FRODO fighting for night skies 

Friends of the Dark Outdoors to present ideas to council, chamber, other community groups

Fifteen dollars worth of tin is usually enough to turn an outdoor light from a blight on the night sky to a blessing for energy conservationists and star gazers, but the public needs to be awakened to the fact, according to Whistler’s Friends of the Dark Outdoors, or FRODO.

Luckily waking people up shouldn’t be a problem – thanks to a growing light pollution problem we aren’t sleeping all that well to begin with.

"It’s a big difference for not an awful lot of cost," said Don Brett, one of the founding members of FRODO.

"We’re not suggesting that there should be no lights anywhere at night, but we could be doing more to put that light on the ground where it belongs, rather than into the sky."

FRODO addressed the monthly AWARE meeting at the Delta Whistler Resort on Thursday, March 4, using the environmental group as a test audience for a presentation on light pollution that they will give to the municipality, the Whistler Chamber of Commerce, the Sea to Sky Construction Association, and other stakeholders.

Brett first became aware of Whistler’s light pollution problem several years ago while he was attempting to do some stargazing with his telescope at Rainbow Park. The lights on the building that houses the public washrooms interfered with his view, and he moved to several locations in town in search of a truly dark night sky. He tried the fields behind the Meadow Park Sports Centre and Lost Lake, but everywhere he went there was too much light.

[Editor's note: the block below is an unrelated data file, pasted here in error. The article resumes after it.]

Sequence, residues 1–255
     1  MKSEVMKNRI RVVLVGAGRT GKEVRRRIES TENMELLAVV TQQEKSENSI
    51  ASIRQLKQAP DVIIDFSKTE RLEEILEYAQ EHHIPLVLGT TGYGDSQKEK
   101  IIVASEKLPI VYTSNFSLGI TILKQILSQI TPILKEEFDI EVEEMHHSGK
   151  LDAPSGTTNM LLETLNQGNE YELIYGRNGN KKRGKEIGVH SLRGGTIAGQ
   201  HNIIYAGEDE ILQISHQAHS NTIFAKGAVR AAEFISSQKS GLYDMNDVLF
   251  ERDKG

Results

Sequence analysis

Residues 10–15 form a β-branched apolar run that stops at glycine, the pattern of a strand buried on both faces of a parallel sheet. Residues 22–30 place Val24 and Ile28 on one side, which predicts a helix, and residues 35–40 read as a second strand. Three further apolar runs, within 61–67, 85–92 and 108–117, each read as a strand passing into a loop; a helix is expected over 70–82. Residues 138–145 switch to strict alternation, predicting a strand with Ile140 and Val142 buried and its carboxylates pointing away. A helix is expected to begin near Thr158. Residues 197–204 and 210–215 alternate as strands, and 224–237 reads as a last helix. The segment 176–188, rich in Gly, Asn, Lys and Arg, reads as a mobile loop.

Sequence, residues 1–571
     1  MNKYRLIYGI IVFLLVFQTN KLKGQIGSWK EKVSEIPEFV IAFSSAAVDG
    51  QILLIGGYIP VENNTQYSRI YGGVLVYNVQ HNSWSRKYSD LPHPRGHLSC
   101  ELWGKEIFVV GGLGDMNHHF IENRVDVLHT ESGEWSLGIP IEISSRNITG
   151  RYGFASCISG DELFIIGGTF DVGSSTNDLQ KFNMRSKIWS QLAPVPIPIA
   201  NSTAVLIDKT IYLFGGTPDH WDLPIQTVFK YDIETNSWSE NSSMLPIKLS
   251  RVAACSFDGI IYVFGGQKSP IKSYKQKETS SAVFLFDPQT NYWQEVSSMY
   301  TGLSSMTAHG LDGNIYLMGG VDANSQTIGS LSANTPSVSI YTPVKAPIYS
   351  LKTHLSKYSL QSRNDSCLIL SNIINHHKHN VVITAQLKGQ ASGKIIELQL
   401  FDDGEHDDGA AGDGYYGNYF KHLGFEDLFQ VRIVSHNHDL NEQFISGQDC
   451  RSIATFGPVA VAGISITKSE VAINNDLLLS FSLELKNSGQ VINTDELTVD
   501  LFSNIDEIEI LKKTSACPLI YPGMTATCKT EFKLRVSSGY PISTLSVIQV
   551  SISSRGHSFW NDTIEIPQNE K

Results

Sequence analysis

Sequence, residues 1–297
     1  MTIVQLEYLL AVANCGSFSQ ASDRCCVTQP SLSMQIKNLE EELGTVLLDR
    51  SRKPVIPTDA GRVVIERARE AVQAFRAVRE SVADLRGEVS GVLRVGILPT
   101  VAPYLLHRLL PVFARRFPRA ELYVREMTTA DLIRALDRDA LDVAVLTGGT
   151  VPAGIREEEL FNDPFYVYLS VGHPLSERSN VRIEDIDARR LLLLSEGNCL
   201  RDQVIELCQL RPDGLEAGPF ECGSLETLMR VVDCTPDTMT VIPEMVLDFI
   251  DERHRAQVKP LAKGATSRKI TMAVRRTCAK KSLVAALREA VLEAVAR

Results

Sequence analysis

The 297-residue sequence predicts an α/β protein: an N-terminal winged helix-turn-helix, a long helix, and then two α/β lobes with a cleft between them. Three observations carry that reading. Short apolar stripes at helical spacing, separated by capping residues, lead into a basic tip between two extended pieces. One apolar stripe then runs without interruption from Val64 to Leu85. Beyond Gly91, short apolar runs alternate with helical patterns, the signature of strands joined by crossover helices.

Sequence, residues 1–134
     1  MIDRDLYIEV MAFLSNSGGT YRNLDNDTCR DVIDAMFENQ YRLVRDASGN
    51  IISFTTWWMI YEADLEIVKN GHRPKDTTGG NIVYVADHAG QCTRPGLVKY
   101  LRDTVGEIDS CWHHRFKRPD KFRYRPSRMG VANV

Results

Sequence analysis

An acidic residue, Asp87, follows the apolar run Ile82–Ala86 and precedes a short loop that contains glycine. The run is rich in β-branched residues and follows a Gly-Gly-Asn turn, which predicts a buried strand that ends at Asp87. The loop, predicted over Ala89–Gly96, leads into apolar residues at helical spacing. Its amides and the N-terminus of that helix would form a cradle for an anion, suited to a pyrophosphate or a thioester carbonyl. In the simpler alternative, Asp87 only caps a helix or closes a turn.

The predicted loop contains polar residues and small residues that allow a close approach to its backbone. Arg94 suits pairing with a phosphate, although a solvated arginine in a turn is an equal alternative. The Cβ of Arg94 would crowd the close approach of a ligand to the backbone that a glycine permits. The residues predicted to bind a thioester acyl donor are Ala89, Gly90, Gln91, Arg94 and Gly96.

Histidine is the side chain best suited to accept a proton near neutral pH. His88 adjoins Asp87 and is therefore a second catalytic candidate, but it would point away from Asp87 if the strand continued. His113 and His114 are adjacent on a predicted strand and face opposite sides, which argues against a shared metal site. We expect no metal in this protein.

Back at home, Brett also became aware that a set of motion-activated floodlights belonging to a neighbour were on more than they were off. Passing cars, rain and snow all activated the floodlights, which shone into Brett’s windows.

After discussing the problem with neighbours and other night sky enthusiasts, including Whistler astronomer John Nemy, FRODO was formed. The goal is to educate the public and contractors on the real costs and impacts of light pollution, while nudging the municipality to adopt bylaws and policies to regulate outdoor lighting.

Although FRODO includes several astronomers, the group is adamant that their campaign to save the night sky is not completely self-interested, and can be beneficial to everybody.

One of the biggest problems with light pollution says Nemy is that it often amounts to wasted energy.

"The basic definition of light pollution is shining artificial light sources where it’s not needed or wanted," he said. "Excessive artificial light wastes costly energy, and the growth of energy use causes a burden on the environment.


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